In anticipation of ‘Isle of Dogs, CSU film professors share their favorite Wes Anderson movie

Julia Trowbridge

With his latest movie certified “fresh” on Rotten Tomatoes, Wes Anderson has created yet another aesthetically pleasing film.

Anderson is a director known for his unique style and recognizable actors, still present through voice acting in his most recent film, “Isle of Dogs.” Although with some complaints of cultural sensitivity, according to the Los Angeles Times, the movie is well received by most of his audience.


In light of the recent release, which will hit Fort Collins theatre April 13, Colorado State University film professors weighed in on their favorite Anderson film and what stylistic aspects of his films they most appreciate.

Favorite Wes Anderson Film: “Moonrise Kingdom”

Stylistically, Wes Anderson has a very strong signature, and that’s clear in “Moonrise Kingdom.” We could talk about centered compositions, bright, tightly-controlled colors, and the handcrafted feel of his mise-en-scene, for example. That said, while Anderson often uses music thoughtfully, “Moonrise Kingdom” probably represents his most sophisticated use of sound.

The film begins with children—including Suzy, one of the protagonists—listening to “The Young Person’s guide to Orchestra” on a portable record player. In ways I don’t want to spoil, the musical piece—which playfully demonstrates how various instruments work together to comprise an orchestra—sets up the forward movement of the film’s narrative. Later, the child’s opera “Noye’s Fludde,” by the same composer, Benjamin Britton, accompanies both the budding romance between the two protagonists and the climax of the film.

In short, the film’s score takes children as seriously and sincerely as the rest of the film. And that might be what ultimately endears the film to me. Whereas strict formalism sometimes overshadows narrative in other Anderson films, “Moonrise Kingdom” never loses sight of the rich and complicated inner lives and relationships of children, which forms the heart of the film.

Everyone should see this movie! –Kit Hughes, assistant professor of media and visual culture

Favorite Wes Anderson Film: “The Royal Tenenbaums”

To me as a female film scholar, some of Anderson’s films feel too male-focused. They are male melodramas about male-to-male relationships, often relationships between surrogate/fathers and sons. The “Royal Tenenbaums” is different. It has a strong matriarch figure played by Anjelica Houston and is about dysfunctional family dynamics, not just male-to-male relationships.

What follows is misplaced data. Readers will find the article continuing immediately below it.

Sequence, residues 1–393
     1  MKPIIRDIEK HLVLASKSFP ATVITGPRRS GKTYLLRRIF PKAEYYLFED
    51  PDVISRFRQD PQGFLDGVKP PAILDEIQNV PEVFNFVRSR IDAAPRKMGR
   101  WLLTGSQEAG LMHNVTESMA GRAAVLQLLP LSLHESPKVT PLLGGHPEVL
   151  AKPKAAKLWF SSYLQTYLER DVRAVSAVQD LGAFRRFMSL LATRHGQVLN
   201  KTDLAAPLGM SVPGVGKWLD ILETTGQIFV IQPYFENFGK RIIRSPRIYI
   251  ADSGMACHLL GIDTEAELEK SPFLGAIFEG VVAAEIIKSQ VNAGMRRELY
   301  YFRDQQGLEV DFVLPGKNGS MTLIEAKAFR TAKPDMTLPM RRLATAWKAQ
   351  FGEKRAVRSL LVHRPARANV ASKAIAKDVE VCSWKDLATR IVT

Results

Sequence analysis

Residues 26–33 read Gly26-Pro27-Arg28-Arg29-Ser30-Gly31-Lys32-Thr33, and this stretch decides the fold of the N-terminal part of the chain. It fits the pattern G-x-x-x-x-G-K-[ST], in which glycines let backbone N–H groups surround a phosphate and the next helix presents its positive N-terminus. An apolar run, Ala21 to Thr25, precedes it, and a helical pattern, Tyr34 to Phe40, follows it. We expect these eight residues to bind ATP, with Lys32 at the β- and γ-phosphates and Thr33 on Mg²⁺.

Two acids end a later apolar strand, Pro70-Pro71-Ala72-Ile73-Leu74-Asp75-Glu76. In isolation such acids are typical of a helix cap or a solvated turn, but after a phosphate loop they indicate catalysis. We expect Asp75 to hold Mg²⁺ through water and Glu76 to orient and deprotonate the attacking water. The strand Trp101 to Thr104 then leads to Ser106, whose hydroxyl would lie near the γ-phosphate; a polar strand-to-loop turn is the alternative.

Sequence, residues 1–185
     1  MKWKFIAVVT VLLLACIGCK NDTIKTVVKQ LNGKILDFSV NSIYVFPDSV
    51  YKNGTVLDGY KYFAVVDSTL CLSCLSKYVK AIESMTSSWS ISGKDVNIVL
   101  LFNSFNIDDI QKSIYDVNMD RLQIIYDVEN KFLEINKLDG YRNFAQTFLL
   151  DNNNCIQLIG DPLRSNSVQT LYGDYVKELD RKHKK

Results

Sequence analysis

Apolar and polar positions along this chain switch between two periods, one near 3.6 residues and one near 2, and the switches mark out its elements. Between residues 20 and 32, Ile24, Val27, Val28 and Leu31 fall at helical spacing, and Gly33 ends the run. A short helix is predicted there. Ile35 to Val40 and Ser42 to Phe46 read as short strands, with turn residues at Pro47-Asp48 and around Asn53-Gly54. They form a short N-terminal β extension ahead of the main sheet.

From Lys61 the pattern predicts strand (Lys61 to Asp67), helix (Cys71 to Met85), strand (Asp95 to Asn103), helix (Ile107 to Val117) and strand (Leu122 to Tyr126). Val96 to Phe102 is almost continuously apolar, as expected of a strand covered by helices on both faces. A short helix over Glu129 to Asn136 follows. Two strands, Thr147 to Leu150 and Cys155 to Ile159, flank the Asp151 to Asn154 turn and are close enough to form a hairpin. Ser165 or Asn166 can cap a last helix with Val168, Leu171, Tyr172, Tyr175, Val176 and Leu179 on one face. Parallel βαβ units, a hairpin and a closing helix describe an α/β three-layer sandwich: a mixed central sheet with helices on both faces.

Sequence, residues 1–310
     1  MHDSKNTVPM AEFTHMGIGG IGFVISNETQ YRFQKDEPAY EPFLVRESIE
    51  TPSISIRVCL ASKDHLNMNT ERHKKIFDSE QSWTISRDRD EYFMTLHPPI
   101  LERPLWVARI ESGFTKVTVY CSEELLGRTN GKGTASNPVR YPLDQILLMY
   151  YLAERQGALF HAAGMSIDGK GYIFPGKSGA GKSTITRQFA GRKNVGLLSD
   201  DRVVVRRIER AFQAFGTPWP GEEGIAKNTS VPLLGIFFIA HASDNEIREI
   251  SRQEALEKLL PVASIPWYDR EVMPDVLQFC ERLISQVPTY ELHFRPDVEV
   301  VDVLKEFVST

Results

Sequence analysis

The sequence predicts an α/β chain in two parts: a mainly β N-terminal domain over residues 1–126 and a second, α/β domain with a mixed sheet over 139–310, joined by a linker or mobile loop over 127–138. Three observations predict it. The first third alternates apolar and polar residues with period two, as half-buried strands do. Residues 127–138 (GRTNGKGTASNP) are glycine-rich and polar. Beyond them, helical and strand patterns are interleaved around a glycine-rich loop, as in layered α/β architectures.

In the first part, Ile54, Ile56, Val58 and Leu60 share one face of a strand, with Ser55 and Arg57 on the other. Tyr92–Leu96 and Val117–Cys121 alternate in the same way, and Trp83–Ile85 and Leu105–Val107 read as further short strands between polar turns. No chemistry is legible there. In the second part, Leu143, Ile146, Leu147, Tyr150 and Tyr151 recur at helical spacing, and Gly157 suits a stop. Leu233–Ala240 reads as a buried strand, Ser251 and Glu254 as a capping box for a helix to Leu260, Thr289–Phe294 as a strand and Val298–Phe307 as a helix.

Some of Anderson’s films are set in otherworldly or exotic places. “The Royal Tenenbaums” is set in Manhattan, the only Anderson film shot in New York City. The film’s main setting, the Tenenbaum house, was location shot in Harlem. Still, the film looks as idiosyncratic and stylized as other Anderson films. Anderson created a unique, timeless look which mixes fashions and sets of different time periods. His New York looks entirely different from New York in Woody Allen’s and Martin Scorsese’s films.

I would like to recommend “The Royal Tenenbaums” to young women. This is the most female-friendly Anderson film in my opinion. –Hye Seung Chung, associate professor of film and media studies


‘Isle of Dogs’ will be shown in Fort Collins starting April 13 at the Lyric.

Favorite Wes Anderson Film: “Fantastic Mr. Fox”

I love the “handmade” quality of the film’s stop-motion animation, which reminds me of recent productions like Tim Burton’s “The Nightmare Before Christmas” and Aardman Animations’ Wallace and Gromit shorts, and even harkens back to classic German and French films such as the 1926 “The Adventures of Prince Achmed” and the 1937 “The Tale of the Fox.” But despite those influences, “Fantastic Mr. Fox” is wholly an Anderson film, replete with all of the themes and stylistic quirks, for which this indie auteur is both celebrated and lovingly parodied.

Although it has many of the formal hallmarks of other Wes Anderson films, including centered framings, prop-laden mise-en-scène and an ensemble cast of familiar faces, or, in this case, voices, “Fantastic Mr. Fox” is distinctive because of the filmmaker’s chosen medium: stop-motion animation. Unlike his live-action films, this ingeniously conceived production bears the literal and figurative “fingerprints” of the writer-director, as if the characters are as much an extension of his own body and mind as they are the creations of Roald Dahl.

I’d recommend Fantastic Mr. Fox to anyone who argues that cinematic adaptations are artistically “less than”—or “secondary” compared to—the books upon which they are based. With all due respect to the late Mr. Dahl, his 1970 novel only hints at the emotional profundity and stylistic dynamism so abundant within Anderson’s zany yet deeply moving film. David Scott Diffrient, professor of film and media studies

Collegian reporter Julia Trowbridge can be reached at or on twitter @chapin_jules.